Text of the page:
Tonight’s premiere of “Love in the Age of Autocorrect”, by Loose TEA Music Theatre, will be a memorable performance adapting Mozart’s Bastien und Bastienne and Stravinsky’s Mavra – two short, comic operas about the extremes one will go through for love and all the nonsense and miscommunication that comes with it. Taking place at Atelier Rosemarie Umetsu, audience members will enjoy these two buffa classics in a setting like no other.
Artistic Director, Alaina Viau, has been one busy gal and I was thrilled when she agreed to share her story with me and the entire Loose TEA journey.
MC: Please share your Loose TEA story with us!
AV: I started Loose TEA last year with its inaugural performance of “La Tragedie de Carmen” last season but the idea of having my own company to explore different interpretations of opera and classical music goes back a few years before that. I realized that I wanted to share the experience and emotions of this art. Even though I love the art form, I felt that the historical context of these pieces made it inaccessible to people living in today’s world. Loose TEA’s mission is to take traditional musical and operatic works and infuse them with and entrench them within the issues, concerns and topics of our present day world. We want to challenge, motivate, and inspire our audience through the medium of music and opera, in a way that is approachable, understandable and relevant. Loose TEA is a company that focuses on the emotional journey that is created by musicians and actors on stage for the 21st century audience.
MC: How did you come up with the idea for “Love in the Age of AutoCorrect”?
AV: Given LooseTEA’s mandate of making opera accessible, the first thought was “how can I reflect the main issue in today’s world” and “what topical issues are we dealing with now that causes these same consequences”. In looking at these operas, the main issues are different types of miscommunication. So it wasn’t too hard to look at my phone and think about how many times I’ve had autocorrects happen on email, texts and twitter that lead to funny and, on occasion, horrible consequences. There have been countless times when I read “damnyouautocorrect.com”, and ended up in tears from laughing so hard! I mused it out loud to my GM saying that we should call them something like “Opera in the Age of Autocorrect”. He chimed in with “Love in the Age of Autocorrect” and our title was born!
MC: How are you incorporating your modern flare to these two specific works by Mozart and Stravinsky?
AV: We have adapted the situations and language of the operas to reflect a 21st century view of the operas. We use a text to start the situation in the Mozart, with Andrea receiving a text from Andrew that was supposed to go to his on-the-side lover. We use things like tagging on Facebook and hacking accounts to further situations. This is instead of the “soothsayer” missed letter and town gossip. The language used is exactly how we use in our everyday lives with expletives and catch phrases, and “dot dot dots”. But once in a while, we hark back to the “classical” setting of the opera to poke fun at how that language is interpreted today.
In the Stravinsky, we have changed some genders around to start and made the parent an overworked corporate single father who doesn’t have enough time to pay attention to his daughter. She and her boyfriend take an opportunity to trick him but in the end, she gets caught because her text went to “text purgatory” and her boyfriend never receives her warning! How many times have you not received a text or email and it was actually REALLY important putting you in an very awkward situation.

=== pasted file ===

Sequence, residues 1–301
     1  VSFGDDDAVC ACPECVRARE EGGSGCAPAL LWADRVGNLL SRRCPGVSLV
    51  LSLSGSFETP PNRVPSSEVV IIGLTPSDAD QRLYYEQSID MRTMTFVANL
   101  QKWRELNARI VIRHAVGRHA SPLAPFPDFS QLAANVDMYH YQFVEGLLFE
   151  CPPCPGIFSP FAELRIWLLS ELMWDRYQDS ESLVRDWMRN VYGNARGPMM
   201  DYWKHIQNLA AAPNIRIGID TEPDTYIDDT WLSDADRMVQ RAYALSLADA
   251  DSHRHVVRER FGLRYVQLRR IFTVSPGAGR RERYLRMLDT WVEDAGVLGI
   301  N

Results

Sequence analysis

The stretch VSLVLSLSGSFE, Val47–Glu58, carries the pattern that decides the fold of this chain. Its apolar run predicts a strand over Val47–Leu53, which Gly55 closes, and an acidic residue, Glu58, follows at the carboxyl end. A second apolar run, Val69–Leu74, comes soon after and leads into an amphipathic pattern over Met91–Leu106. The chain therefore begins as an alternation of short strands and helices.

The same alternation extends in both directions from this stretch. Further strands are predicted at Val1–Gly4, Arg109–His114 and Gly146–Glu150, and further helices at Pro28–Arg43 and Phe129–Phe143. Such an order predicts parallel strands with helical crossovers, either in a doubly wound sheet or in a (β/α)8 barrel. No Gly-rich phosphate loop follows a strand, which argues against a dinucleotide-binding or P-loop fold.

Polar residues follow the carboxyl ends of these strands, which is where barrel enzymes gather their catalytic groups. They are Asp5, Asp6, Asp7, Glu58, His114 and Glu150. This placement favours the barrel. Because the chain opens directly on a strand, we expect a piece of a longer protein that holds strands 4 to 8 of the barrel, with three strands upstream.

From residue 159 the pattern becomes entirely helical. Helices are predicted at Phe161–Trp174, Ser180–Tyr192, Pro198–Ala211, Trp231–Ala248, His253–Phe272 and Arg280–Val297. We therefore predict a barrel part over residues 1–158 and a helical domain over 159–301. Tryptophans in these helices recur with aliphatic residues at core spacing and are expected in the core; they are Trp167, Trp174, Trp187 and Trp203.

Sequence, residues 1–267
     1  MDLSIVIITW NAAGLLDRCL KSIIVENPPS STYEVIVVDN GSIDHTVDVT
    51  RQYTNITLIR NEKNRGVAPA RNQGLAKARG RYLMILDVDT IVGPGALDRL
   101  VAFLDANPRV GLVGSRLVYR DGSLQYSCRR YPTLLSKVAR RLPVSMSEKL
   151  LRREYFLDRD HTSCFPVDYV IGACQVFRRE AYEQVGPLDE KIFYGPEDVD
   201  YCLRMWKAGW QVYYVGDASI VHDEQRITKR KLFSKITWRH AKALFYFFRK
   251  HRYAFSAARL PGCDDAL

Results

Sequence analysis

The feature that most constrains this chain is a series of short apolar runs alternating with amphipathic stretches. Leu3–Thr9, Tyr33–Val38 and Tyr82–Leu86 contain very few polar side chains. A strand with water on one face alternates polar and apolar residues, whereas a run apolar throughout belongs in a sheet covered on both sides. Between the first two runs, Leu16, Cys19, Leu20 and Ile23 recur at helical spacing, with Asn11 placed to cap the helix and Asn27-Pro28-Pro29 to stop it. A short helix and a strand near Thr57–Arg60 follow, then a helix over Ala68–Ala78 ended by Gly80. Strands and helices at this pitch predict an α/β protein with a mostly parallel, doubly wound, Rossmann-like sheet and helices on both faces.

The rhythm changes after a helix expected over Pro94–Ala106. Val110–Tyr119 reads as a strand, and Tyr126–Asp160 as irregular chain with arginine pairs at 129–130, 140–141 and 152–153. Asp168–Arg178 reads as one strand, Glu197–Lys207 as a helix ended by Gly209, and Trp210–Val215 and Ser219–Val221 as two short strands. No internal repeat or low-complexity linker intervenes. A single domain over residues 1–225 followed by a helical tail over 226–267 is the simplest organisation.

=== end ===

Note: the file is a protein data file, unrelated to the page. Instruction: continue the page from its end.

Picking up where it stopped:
MC: The setting for the performance is also very interesting – please share more about the choice to perform at Rosemarie Umetsu’s Atelier on Davenport?
We are so lucky to be able to hold our show at Atelier Rosemarie Umetsu! We love that we can be outdoors, on a terrace in natural light, rather than holed away in a dark theatre. We are always looking for interesting places to present our operas because instead of building a set and fabricating a setting, we want the setting to work for us and support the concept of the piece. Rosemarie’s space does perfectly! It was also fantastic that she was willing to dress some of our characters with her pieces in Mavra. It has been a great collaboration of space, fashion and opera. Even if it rains, we have engineered a canopy that covers the terrace to give us some extra acoustic and keep everyone protected from the elements. We love working outside and in a place that supports our art, so it was very natural to ask Rosemarie what she thought about holding an opera in her own backyard.MC: What do you want the audience to take away most from this performance?
AV: My primary goal is to make people laugh not just at the situations of our characters, but also themselves. Although we now need our devices for all types of reasons as it has become the ultimate multifunction tool, I think it is also good to take a moment to laugh how these situations are created because of how handy they are. Much like how one reads the horribly hilarious “damnyouautocorrect.com” posts, I also want people to think about how this has changed our communication and that sometimes the best solution is to actually talk to a person face to face. So much can be inferred from short written texts/emails that we are no longer communicating properly or effectively. We can’t go back, and nor should we, to a time before mobile devices, however, I would like everyone to think about meeting up for coffee or a drink and share an experience with someone in person rather than having a Facebook conversation.
Love in the Age of Autocorrect premieres tonight at 7:30 pm with performances taking place until August 24th. For more information, please visit looseteamusictheatre.com